Peru to bring case of American prisoner to international court
Associated Press -- 16 July 2002
by Craig Mauro
LIMA, Peru - Peru will file a suit against the Inter-American Commission on Human Rights before an international court over the case of Lori Berenson, an American imprisoned here on terrorism charges, the justice minister said Tuesday.
Fernando Olivera told cable news station Channel N from Washington that the commission, part of the Organization of American States, held a "favorable position" toward Berenson, who was convicted last year of collaborating with leftist rebels.
Berenson's family had filed a complaint with the Washington-based commission, alleging that her trial violated due process.
The commission recommended the Peruvian government give the New York native an "integral reparation," Olivera said, without specifying what that included. Olivera has been in Washington meeting with commission officials.
"We do not accept that recommendation. It has no legal basis," Olivera said. "For that reason, we've decided to file a suit against the Inter-American Commission of Human Rights before the Inter-American Court."
The Costa Rica-based Inter-American Court of Human Rights, a legal arm of the OAS, can legally bind member countries, including Peru, to comply with its rulings.
Olivera told Radioprogramas radio station that Peru's suit would be unprecedented. "Usually, it's the commission that files suit against states," he said.
A commission official had said Monday that the panel was considering whether to pass Berenson's case to the court. Peru's suit against the commission would apparently pre-empt that decision.
Berenson, 32, has been serving out a 20-year sentence after a civilian court convicted her in June 2001 of aiding the Tupac Amaru Revolutionary Movement in a failed bid to seize Peru's Congress.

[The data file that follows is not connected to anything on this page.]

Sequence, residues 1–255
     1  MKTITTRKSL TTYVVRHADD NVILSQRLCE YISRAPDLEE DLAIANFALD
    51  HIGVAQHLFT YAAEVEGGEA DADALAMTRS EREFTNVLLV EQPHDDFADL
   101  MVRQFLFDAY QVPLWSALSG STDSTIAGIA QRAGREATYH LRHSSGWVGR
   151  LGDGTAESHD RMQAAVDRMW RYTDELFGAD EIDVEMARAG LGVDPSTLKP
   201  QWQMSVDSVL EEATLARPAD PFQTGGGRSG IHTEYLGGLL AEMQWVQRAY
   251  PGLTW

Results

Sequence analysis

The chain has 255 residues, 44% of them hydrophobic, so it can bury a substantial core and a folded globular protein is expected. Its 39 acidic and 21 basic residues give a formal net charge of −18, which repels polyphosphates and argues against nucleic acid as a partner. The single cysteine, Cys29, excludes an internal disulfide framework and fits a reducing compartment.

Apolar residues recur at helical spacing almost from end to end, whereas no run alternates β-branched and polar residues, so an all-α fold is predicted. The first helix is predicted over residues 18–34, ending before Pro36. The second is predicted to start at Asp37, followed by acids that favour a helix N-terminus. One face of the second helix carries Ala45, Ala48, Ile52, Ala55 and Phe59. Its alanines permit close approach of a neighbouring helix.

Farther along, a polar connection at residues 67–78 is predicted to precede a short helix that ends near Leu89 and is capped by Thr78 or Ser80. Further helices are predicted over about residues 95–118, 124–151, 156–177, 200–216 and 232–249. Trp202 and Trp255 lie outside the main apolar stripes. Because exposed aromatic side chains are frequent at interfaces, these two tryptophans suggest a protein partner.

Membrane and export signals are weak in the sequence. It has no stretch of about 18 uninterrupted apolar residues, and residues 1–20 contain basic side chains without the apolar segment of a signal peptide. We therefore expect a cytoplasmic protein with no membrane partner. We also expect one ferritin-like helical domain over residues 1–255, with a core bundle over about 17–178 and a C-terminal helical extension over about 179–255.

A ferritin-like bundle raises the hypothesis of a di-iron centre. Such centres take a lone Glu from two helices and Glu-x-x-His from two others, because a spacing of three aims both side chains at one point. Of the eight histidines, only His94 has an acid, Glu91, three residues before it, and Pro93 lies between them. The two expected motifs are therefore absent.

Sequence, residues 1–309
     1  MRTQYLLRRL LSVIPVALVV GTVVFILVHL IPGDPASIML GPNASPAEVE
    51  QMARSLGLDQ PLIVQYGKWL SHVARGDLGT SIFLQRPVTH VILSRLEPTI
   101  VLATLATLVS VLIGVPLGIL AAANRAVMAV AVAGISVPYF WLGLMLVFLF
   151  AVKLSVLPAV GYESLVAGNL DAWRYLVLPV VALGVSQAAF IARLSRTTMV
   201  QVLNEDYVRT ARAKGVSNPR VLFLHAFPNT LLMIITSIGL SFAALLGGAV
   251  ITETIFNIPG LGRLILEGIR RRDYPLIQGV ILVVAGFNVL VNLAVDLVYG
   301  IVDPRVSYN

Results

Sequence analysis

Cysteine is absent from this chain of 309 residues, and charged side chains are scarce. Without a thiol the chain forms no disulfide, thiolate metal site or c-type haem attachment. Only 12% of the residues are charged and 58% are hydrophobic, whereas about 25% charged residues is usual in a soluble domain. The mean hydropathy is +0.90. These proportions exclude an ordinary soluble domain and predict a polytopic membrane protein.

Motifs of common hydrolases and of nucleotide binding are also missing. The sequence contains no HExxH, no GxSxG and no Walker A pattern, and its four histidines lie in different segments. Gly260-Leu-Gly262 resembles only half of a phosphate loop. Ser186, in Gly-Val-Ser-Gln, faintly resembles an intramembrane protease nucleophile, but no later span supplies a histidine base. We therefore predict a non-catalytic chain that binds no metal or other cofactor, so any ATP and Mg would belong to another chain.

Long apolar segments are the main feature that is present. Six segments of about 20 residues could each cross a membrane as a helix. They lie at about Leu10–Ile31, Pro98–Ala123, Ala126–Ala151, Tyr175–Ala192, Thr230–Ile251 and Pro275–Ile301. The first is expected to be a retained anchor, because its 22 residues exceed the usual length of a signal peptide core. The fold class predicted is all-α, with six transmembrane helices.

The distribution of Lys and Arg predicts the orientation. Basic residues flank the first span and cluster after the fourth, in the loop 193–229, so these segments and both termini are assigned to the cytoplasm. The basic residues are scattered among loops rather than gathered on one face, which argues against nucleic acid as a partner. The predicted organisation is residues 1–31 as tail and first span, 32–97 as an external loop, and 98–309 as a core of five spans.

A secret military court originally sentenced Berenson in 1996 to life in prison for being a Tupac Amaru leader and plotting the thwarted attack, but that sentence was overturned in 2000.
In February, the Supreme Court upheld the civilian court's decision, leaving a presidential pardon or a ruling by the inter-American system as Berenson's only options for getting released from prison.
A pardon would be unpopular in Peru, where many consider Berenson a foreign terrorist.
"The Peruvian state is in no way not going to free Lori Berenson," Olivera said. "Lori Berenson received a civilian trial by independent judges, where she had the right to a defense, where due process was respected."
Berenson's supporters have insisted that her civilian retrial was unfair, contending that she was convicted for her leftist ideas and not on hard evidence.
Mark Berenson, her father, called Peru's decision to go to the inter-American court "mean-spirited and frivolous" since the court has already ruled that Peru's anti-terrorism laws do not meet international standards of fairness and due process.